Vikas Rawal has an excellent guide up at Github for writing papers with Emacs and Org Mode. He takes a reproducible research tact so it's a great resource for learning how to produce a paper with everything in a single file and all the tables and graphs produced automatically.
The guides takes a “from the beginning” approach so it's fine for even those with limited or, perhaps, no Emacs experience. If you have even a little bit of Emacs under your belt you should have no problems at all. One of the points that Rawal makes is that you can spend more time figuring out LaTeX than you do actually writing the paper. Using Org Mode removes most of that friction and lets you to concentrate on your writing but still allows an escape into LaTeX for specialized tweaks.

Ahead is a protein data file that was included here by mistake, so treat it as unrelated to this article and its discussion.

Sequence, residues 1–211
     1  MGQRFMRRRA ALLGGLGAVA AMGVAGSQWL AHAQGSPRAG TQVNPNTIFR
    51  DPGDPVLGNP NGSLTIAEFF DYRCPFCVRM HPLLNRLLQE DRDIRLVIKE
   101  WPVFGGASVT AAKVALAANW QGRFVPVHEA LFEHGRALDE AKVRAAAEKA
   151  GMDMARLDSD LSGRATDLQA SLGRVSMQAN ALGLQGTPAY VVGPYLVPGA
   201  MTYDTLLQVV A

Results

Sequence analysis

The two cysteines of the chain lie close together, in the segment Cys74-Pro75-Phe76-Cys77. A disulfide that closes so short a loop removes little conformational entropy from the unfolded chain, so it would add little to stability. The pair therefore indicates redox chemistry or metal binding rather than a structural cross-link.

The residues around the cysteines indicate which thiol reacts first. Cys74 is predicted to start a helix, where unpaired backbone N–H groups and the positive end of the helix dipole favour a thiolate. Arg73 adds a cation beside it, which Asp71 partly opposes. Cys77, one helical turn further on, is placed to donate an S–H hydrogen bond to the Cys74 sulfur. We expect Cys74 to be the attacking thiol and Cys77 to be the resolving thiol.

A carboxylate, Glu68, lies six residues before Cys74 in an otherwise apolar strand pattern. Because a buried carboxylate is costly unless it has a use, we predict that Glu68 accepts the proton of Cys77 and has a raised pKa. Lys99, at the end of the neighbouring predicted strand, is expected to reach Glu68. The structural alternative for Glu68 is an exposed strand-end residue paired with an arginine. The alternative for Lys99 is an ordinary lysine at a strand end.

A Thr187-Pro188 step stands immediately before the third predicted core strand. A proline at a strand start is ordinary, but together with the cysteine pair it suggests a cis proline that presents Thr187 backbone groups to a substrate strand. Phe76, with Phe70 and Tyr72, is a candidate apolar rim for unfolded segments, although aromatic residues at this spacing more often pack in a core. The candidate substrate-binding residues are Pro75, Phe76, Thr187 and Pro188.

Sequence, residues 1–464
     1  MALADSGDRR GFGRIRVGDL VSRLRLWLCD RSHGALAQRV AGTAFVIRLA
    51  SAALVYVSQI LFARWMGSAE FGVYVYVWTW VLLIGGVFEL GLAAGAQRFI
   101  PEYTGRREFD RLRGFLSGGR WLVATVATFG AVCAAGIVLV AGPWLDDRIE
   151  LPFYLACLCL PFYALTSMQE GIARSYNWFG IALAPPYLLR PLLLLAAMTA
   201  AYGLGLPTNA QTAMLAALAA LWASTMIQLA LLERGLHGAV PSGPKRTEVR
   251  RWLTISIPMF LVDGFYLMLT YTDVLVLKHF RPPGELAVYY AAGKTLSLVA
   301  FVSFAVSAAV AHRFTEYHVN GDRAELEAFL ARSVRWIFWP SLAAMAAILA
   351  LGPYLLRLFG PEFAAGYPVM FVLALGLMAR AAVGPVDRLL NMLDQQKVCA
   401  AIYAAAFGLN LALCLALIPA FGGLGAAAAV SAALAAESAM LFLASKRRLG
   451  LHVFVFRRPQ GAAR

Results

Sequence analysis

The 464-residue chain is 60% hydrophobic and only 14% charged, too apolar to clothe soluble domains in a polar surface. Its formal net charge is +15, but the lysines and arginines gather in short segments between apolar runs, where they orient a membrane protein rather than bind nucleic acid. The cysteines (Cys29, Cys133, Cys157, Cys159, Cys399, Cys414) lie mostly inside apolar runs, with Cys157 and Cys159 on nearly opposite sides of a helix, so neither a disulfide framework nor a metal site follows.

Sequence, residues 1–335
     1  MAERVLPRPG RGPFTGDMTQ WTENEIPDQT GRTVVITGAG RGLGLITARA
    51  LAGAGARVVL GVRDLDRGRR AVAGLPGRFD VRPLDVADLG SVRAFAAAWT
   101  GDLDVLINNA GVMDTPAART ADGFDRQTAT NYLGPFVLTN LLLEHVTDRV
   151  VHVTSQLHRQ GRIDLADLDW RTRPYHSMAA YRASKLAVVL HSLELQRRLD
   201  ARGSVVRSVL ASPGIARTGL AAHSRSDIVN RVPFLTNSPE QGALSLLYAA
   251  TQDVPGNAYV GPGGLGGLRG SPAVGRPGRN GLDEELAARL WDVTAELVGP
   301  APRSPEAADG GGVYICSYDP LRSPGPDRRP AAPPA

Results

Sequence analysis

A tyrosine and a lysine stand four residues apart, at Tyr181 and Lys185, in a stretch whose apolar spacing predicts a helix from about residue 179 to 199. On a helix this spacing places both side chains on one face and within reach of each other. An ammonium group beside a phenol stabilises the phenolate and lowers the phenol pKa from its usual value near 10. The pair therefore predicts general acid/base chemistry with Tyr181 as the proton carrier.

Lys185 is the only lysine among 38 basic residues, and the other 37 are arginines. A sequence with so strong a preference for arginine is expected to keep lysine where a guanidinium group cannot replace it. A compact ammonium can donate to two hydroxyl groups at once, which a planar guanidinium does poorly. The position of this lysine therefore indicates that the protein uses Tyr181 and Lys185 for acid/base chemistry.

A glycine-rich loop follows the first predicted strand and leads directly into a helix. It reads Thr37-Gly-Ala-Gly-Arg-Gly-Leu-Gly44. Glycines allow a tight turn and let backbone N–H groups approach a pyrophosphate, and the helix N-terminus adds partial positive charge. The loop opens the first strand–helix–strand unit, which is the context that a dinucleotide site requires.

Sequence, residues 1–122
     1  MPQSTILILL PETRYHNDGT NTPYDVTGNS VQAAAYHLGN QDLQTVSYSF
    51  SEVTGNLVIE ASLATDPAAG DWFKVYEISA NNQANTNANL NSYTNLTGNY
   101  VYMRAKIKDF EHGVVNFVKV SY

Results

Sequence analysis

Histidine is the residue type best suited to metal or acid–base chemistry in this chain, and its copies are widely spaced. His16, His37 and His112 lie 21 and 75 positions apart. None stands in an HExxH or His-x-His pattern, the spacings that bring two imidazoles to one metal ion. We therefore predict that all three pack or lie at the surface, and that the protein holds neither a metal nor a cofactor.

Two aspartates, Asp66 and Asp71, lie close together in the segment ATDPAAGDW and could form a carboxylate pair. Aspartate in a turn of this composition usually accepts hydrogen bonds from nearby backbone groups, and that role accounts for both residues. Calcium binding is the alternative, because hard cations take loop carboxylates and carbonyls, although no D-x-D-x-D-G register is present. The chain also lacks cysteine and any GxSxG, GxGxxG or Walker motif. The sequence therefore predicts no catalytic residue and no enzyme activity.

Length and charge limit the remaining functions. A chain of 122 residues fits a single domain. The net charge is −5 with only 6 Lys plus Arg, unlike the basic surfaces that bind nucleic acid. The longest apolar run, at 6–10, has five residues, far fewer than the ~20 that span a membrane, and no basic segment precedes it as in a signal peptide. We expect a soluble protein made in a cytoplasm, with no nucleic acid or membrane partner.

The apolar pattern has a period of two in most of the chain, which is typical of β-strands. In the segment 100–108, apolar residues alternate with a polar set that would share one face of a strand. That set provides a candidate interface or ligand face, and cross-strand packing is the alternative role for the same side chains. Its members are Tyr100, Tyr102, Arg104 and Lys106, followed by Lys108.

It turns out that Emacs and Org Mode are almost everything you need. He recommends Pandoc for some conversions, TeXLive and BibTeX for producing LaTex, and, in his case, R and ESS to handle statistics. R is a good solution if you're producing a lot of statistics but the techniques he describes works just as well with other languages if your needs are different. He doesn't go into the details of R itself so its use as the example language is not distracting.
Even if you know only a little LaTeX (or, I suppose, none at all) you can follow his recipe and get good results. That's a major benefit when you're just starting and don't want to hassle with LaTeX along with everything else. Even the amount of Org that he uses is minimal so by following his example you can be producing great looking papers without knowing much about LaTeX or even Org.
I really liked this guide and recommend it if you're looking for a way to produce journal-quality papers.